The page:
As a hub for export manufacturing, Bangladesh has obvious attractions for Hong Kong-based companies familiar with the principle and practices of outsourcing production.
A low-cost base, abundant skilled labour and the capacity for expansion present major advantages. But the various authorities also know that the competition of a global economy and demand for ever-higher quality standards mean they can take nothing for granted.
'Bangladesh is going through a tremendous boom, mainly thanks to its apparel industry, which is also propelling rapid growth in many affiliated sectors,' says Ranjan Mahtani, chief executive and principal owner of apparel supplier The Epic Group.
'Over the next two years, the expansion of infrastructure will be the major challenge the country faces. If infrastructure [keeps pace with] requirements and if the textile industry evolves, the country could easily multiply current exports five times by 2022.'
Epic's own presence in Bangladesh goes back almost 30 years and, in round terms, the group is increasing production capacity there by 20 per cent annually.
A state-of-the-art garment factory was opened in Dhaka in 2006, with space for an advanced wet-processing area, wrinkle-free technology and computerised embroidery machines.
A new denim-weaving plant has been commissioned and will help meet orders from Europe and the United States placed by many of the best-known brand names and chain stores.
'Our focus in Bangladesh has always been to set up units that could match the best units in China,' Mahtani says.
'We need to have a sophisticated operation, which doesn't just survive on price alone, and which can respond to soaring demand for quality apparel products.'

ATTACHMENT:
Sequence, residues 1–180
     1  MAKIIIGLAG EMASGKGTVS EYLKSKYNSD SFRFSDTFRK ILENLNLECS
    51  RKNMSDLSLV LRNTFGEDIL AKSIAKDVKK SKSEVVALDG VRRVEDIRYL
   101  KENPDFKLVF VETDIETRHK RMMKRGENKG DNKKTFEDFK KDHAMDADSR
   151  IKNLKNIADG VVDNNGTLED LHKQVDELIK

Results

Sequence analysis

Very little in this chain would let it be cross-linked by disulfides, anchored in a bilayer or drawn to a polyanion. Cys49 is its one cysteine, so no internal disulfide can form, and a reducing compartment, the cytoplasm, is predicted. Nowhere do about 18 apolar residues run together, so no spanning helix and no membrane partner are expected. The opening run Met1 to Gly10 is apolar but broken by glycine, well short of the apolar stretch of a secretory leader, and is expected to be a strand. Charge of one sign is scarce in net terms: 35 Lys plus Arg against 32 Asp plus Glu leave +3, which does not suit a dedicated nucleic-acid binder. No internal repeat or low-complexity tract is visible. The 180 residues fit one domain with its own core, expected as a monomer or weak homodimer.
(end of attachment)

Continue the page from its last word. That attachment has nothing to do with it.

In part, this demand is attributable to duty-free access for Bangladeshi imports to the European Union under the generalised system of preferences (GSP) scheme. But it is also down to changing patterns of international sourcing and trade.
'Japan and China now aggressively source from Bangladesh, and we now see all big brands and labels manufacturing there,' Mahtani says. 'While the US and European markets have been the primary client base, we are now seeing tremendous growth to other markets, especially in Asia.'
Another Hong Kong-based company with strong links to Bangladesh has added a new facility, taking its total garment-related workforce to around 25,000.
'We have also expanded our Fashion City Complex, which will now have the largest denim dry and wet-process workforce in the country,' says Sanjeev Mahtani, managing director of The Must Organisation.
'They are trained to execute different processes like whiskering, hand sanding, distortion effects and creating other 'used' looks, which attract international buyers like Macy's, Levi's, Mango and Ann Taylor.'
He adds that innovation, not just cost competitiveness, is the key to rapid future development. In the garment sector, this will depend on new methods of fabrication and adapting to new trends in styling.